Well, that would have been silly in the extreme—and cowardly. It was very adult of you to decide to accept your responsibilities, Bella said carefully, trying to assess just how serious he was about the latter half of his statement. Leaning forward, she said urgently, Jeremy, we need you now more than ever. You are the head of the family and do not forget that your mother and brothers and sisters look to you for guidance. They would be devastated if anything were to happen to you. They need you, Jeremy.

He looked up smiling faintly, and the hard knot of fear in her breast eased. You are the one everyone looks to when there is a problem, and you know it, so don't try to bamboozle me, my girl.

She grinned at him, her cat-slanted eyes crinkling at the corners, golden lights dancing in their sherry-colored depths. Now who is bamboozling whom, my good young man?

A crack of laughter came from Jeremy. Oh, Bella! What would I do without you? I was certain my life was over, and now you have me laughing. He sobered immediately, and asked, But what are we going to do?

I've already told you—we'll get the vowels back... some way. When Jeremy started to argue, she said quickly, And if the worst happens and we do not, we shall not be as bad off as you think. If you will recall, I have my mother's fortune and the plantations left to me by my grandfather. Fortunately, she said dryly, those you could not pledge because they do not belong to you. We may have to practice a few unpleasant economies, and, of course, Greenleigh is not as grand or as lovely as Highview, but we shall survive. We shall not be destitute.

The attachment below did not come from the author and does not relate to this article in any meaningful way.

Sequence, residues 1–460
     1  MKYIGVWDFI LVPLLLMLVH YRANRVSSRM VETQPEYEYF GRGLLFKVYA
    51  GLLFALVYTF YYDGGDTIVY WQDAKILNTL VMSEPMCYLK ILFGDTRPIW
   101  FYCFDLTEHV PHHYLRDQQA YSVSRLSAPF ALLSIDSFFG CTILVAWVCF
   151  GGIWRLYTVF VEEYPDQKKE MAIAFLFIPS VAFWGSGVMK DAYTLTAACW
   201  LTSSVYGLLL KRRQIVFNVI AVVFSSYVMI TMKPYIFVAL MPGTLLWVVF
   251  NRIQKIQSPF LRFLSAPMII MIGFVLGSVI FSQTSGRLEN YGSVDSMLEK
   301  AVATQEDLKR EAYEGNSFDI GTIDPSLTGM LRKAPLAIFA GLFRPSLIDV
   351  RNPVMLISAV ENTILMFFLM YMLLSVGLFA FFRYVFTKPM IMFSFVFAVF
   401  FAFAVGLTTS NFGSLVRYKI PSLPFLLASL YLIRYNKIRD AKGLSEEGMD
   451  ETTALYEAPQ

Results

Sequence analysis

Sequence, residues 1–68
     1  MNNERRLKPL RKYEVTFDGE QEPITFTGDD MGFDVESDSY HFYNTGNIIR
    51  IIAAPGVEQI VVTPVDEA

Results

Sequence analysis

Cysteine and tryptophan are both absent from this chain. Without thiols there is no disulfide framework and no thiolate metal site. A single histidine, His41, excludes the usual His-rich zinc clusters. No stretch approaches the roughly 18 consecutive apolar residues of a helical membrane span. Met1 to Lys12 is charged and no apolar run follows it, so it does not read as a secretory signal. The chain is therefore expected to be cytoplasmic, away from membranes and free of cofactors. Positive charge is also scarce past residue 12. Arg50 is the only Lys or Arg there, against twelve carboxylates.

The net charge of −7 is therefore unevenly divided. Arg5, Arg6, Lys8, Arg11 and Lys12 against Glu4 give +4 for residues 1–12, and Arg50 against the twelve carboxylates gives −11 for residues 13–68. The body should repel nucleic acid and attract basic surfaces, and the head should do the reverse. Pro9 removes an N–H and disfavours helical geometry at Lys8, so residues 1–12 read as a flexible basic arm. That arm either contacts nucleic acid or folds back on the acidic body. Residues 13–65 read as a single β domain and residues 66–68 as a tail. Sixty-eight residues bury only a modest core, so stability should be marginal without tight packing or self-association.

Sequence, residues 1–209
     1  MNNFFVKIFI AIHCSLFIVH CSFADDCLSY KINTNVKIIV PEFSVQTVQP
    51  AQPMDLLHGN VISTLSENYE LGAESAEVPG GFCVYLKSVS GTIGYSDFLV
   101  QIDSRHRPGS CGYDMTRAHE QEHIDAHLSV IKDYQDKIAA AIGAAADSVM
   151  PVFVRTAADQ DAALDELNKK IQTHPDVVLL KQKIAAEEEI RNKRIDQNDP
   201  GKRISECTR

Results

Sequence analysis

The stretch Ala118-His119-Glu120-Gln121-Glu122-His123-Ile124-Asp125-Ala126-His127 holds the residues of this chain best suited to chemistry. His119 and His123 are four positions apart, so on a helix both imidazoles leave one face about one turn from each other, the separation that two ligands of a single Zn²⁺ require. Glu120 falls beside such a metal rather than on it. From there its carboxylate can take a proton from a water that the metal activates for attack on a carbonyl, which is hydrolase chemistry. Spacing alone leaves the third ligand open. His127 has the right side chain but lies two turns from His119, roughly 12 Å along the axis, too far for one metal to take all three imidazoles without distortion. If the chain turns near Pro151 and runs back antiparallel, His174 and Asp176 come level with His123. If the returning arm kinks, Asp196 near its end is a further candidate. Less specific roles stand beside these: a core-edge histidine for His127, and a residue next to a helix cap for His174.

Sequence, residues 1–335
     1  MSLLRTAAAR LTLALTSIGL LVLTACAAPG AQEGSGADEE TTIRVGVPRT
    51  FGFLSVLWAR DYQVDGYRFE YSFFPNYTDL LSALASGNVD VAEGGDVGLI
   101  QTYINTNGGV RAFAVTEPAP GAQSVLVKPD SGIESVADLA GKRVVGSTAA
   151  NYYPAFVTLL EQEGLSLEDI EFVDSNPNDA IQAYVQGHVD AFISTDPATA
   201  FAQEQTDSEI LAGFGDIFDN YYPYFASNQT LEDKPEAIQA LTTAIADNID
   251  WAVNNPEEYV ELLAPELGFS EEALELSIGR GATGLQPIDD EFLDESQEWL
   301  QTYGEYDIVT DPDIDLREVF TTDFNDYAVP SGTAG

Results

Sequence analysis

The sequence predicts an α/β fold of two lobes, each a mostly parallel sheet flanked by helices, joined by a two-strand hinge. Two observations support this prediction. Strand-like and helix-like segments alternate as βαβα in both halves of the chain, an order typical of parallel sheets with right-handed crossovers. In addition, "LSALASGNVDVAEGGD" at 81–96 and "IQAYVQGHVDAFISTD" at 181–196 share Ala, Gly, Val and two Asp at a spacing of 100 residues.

Relief flooded Jeremy's face, and he stood up and took a few steps around the small room. Looking back at Bella, he said, "I had forgotten about Greenleigh—it is small, but it would do. I should have known that you would find a way to save Mother and the children. They were my first concern. His young face hardened. As for me, you do not have to fear that I shall expect you to see to my welfare. I shall find some way to support myself and even if it takes me my whole life, I shall repay you whatever it costs to take care of the family." He straightened his shoulders.

It is my fault that we are brought to this point, and I shall do my best to see that the others do not suffer from my mistakes—I swear it to you, Bella!

He looked very young and proud as he stood before her, and Bella's throat closed up with emotion. Keeping her voice as even as she could, she said, Admirable sentiments—and I would not have expected any less from you, but for the time being let us keep this matter between us. I do not want your mother and the others upset until it is absolutely necessary.

Jeremy looked puzzled. But Bella, there is no other solution. Do you not understand? I lost Highview and all the land I inherited from Father. He dropped his gaze and admitted painfully, Even the lands and monies held in trust for the others—I have ruined their lives as well. We shall have to leave—although I am certain that even Leyton will give us a few weeks to depart the premises. Mother must be told.

Bella rose to her feet and came around the end of her desk. Grasping Jeremy's arm, she guided him to the door. Ah, yes, but she does not have to be told today, does she? Let us not worry her until we have no choice. We do not want her upset and anxious until we have everything worked out. You and I shall think on our problem for a few more days, and once we know precisely where we stand, we shall explain it all to her. Don't you think that would be wise?